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Kris Delmhorst

A Conversation with Kris Delmhorst (continued)

PM: So the other project I'd like to ask about is current, and that's called Redbird. Tell us about that, please.

KD: Redbird, again, was an organically sprouting event, which came from a tour that I did last January with Peter Mulvey and Jeffrey Foucault. Peter and I had been friends for quite a while, and were going to do this UK tour together. And then Peter asked if we could bring along Jeffrey Foucault who he knew from Wisconsin, and whom I had never played with yet, but I said, "Sure." So the three of us ended up going over there, and we just had a great time on this tour. And the shows were really fun, and then also, all afternoon, whenever we would get to our destination of the night, then we would just end up sitting around and playing every song that any of us had ever even thought about knowing.

PM: Wow.

KD: And we did that for two weeks. And I can't remember, we did the math at the time, we've played like 700 or 800 songs over the course of the--

PM: Holy shit!


KD: I know, because we never repeated one. And we would get to the bottom of the barrel, like we knew that none of us knew any more songs, and then someone would remember a whole other little pile of them, and then off we'd go again. It was just really great. And so we decided that it would fun to do that with a mic on at some point.

PM: Yeah.

KD: So that's basically what happened. We got together in Wisconsin for a few days this past summer, the three of us, plus Goody--David Goodrich.

PM: Goody, yeah.

KD: He plays with Pete all the time. And we just got a portable DAT machine and one really nice mic, and sat in a little circle around it and gathered a bunch of instruments and we just did the same thing for about three days, we played songs.


PM: Each other's songs or all cover songs?

KD: It's mostly cover songs. We played a few of ours. Let's see. We played so many that sometimes it's hard for me to remember what ended up on the record.

PM: Yeah, right.


KD: But I think what's on the record is Peter does one of mine, I do one of Peter's. We all do one of Jeff's, and there's one that I wrote and one that Goody wrote for the project. And then everything else is covers. There are a bunch of traditional songs, and then there are covers--there's a Tom Waits song. There are songs by friends of ours who are sort of more obscure.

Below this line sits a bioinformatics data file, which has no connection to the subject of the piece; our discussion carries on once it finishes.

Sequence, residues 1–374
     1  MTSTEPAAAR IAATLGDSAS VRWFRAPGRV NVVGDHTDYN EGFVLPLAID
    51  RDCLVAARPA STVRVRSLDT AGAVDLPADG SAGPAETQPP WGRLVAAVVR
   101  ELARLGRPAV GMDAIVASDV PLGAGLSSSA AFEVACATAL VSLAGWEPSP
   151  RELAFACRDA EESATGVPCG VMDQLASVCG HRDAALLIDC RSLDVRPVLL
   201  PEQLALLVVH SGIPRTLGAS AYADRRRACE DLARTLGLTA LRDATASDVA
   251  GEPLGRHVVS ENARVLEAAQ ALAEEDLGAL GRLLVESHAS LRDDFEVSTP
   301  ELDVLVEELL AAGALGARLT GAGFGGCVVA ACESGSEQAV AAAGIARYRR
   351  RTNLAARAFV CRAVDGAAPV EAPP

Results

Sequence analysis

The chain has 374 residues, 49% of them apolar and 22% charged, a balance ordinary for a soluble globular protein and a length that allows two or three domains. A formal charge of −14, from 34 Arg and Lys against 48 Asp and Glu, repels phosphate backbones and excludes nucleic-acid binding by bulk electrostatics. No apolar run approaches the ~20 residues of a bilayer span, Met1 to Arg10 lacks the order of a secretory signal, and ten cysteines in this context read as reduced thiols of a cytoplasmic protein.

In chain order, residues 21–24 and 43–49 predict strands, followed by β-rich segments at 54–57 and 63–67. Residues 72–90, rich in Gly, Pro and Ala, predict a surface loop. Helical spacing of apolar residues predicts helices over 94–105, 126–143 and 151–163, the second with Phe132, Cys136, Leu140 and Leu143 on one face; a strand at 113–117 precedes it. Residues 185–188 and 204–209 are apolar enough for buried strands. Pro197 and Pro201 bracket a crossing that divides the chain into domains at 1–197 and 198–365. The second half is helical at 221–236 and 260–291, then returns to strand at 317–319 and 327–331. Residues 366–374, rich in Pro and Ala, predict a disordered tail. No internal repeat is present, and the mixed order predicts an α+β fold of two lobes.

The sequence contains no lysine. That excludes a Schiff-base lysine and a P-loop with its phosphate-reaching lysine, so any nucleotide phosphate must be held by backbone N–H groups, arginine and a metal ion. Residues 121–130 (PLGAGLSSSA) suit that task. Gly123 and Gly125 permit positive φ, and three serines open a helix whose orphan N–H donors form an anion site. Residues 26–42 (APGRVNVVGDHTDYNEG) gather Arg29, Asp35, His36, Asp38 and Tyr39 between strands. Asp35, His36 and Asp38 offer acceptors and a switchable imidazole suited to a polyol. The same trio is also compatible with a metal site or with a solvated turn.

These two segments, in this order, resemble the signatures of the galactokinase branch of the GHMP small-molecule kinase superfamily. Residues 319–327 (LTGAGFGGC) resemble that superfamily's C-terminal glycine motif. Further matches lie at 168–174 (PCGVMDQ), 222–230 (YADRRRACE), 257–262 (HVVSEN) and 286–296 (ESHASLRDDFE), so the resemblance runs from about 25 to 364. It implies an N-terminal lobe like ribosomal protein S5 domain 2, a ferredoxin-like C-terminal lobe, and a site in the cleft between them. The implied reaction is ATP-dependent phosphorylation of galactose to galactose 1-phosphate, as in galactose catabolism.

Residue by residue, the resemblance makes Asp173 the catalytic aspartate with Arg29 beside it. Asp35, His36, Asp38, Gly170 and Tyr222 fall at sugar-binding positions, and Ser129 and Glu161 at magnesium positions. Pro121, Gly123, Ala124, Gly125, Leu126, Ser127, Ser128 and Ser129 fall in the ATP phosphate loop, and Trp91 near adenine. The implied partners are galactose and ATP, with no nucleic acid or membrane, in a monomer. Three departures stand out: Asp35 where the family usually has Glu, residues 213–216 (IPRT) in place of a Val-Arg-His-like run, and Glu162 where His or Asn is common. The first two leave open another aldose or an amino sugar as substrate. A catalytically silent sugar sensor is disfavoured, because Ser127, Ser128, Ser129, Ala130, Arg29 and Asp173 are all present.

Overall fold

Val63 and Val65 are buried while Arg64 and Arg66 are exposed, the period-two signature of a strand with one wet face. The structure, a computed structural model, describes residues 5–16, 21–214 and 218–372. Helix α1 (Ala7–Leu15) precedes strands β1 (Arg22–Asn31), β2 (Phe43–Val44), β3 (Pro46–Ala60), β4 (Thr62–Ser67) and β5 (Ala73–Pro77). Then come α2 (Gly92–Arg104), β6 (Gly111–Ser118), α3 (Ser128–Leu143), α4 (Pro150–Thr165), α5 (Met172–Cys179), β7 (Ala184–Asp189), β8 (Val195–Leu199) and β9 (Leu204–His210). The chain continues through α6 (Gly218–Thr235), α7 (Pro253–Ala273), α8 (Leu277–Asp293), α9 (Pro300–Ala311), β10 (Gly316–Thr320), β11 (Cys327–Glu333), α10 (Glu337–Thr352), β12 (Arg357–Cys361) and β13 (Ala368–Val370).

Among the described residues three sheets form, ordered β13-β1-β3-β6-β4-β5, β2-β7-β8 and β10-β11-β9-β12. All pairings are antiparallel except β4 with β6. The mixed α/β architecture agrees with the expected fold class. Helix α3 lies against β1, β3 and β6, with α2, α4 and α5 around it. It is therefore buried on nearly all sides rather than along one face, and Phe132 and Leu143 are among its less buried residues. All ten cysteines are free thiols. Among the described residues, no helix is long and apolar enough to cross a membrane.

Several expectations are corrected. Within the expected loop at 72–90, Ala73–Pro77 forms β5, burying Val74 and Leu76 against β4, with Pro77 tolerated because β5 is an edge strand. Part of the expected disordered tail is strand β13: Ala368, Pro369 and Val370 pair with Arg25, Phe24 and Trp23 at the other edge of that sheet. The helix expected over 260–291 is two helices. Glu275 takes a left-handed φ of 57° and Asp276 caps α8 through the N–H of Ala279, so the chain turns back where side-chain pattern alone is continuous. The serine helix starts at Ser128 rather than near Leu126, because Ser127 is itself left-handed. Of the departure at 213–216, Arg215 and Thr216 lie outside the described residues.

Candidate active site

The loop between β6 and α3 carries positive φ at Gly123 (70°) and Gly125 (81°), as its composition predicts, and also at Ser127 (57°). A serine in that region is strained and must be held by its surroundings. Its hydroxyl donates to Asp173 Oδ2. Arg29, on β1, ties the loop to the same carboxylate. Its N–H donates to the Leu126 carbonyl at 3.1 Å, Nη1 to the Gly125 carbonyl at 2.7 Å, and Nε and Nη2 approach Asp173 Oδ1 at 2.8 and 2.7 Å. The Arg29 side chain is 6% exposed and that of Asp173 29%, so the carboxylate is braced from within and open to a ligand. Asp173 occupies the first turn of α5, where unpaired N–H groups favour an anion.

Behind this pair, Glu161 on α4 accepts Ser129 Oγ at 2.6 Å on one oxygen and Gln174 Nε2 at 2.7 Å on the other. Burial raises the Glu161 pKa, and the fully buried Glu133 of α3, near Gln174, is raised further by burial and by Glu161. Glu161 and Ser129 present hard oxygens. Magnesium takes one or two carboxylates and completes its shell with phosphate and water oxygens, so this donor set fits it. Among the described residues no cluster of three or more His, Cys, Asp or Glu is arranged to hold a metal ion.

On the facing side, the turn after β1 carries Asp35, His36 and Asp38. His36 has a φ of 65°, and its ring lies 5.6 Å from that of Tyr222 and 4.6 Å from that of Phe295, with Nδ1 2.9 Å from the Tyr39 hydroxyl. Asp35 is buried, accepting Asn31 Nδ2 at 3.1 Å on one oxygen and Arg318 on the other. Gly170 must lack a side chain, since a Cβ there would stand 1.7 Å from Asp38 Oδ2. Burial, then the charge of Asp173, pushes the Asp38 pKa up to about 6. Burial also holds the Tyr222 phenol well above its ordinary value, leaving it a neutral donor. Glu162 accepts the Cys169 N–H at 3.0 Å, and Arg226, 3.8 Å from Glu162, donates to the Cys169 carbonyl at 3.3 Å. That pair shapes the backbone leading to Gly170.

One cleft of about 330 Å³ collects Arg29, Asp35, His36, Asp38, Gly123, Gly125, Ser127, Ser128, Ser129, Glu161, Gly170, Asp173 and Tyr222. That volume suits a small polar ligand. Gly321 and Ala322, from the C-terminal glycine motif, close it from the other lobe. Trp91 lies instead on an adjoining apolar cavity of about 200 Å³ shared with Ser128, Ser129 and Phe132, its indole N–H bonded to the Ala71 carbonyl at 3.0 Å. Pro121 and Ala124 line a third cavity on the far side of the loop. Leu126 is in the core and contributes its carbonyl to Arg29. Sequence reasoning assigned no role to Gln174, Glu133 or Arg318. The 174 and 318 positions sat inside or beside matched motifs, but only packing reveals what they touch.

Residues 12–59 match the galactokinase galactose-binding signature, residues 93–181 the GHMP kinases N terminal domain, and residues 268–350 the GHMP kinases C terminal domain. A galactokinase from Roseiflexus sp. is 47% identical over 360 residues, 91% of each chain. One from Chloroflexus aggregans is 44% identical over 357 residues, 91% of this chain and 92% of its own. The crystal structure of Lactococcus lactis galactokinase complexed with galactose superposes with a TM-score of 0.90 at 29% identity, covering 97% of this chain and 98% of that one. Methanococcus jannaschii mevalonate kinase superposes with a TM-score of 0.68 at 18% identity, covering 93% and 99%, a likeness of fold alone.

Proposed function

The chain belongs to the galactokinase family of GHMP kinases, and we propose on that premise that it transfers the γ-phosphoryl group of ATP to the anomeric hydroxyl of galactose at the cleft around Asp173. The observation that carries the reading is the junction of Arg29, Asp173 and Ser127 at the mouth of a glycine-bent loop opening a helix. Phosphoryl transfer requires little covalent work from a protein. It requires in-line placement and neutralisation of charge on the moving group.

PM: Really? We're interested in those.

KD: There's a song by Paul Cebar, who is a Milwaukee artist I've never met but Peter is a big fan. So we did a great song of his. And then I sang a song by Ry Cavanaugh, who now is in a band called Maybe Baby with Jennifer Kimball. It's great. And Ryan and I used to play in a band together for years called Vinal Avenue String Band.

PM: Oh, I saw that on your site, yeah.

KD: Right. He's one of my favorite songwriters in the whole world. I think he's amazing. And so we did one of his songs, just sort of a little lullaby song. And let's see, what else is on there? There's a Willie Nelson song, there's an R.E.M. song. There's a Greg Brown song. There are a couple jazz standards.

PM: Wow.

KD: Yeah, it's fun.

PM: What a neat energy you guys have woven together there. It's like the Respond thing, there's a real spirit there that isn't self-obsessed, and it isn't like, oh, my songs, your songs. It's music, it's jamming, it's the reasons why we all played music in the first place.

KD: Exactly.

PM: Now, when you get together with these guys, do you play guitar or do you play the other things that you're very good at, cello and violin and--

KD: Well, we didn't have a cello at the sessions because we were out in the middle of Wisconsin. [laughs]

PM: I see.

KD: So I played a little bit of fiddle and guitar also. And on tour in England, the first time we all just had guitars, because we didn't really realize that was going to happen. But we're going to do another tour of England again in February, and all of the UK and Ireland too, and I'm going to bring a fiddle for that. And then Goodie, of course, plays everything.

PM: He does, doesn't he?

KD: He does. Yeah, he's one of those. So, there's a little bit of mixing it up on the instruments.

PM: Does he bring keyboards, or he's like a lap steel guy, or--

KD: He's a string guy. I mean, I'm sure he could play keyboards, but that's not really his thing. I don't know exactly what we're going to bring on tour. But on the record he plays the nylon string guitar, mandolin, regular guitar. He plays slide guitar, sort of lap steel. And then we also had this Papoose, which is a tiny guitar by Tacoma. It sounds somewhere between a high-strung guitar and a mandolin. So we all passed that around, too, and played some of that.

PM: They're remarkably good, those little Papooses.

KD: Yeah, they are. They don't really sound like a guitar, but they sound like a nice thing.  continue

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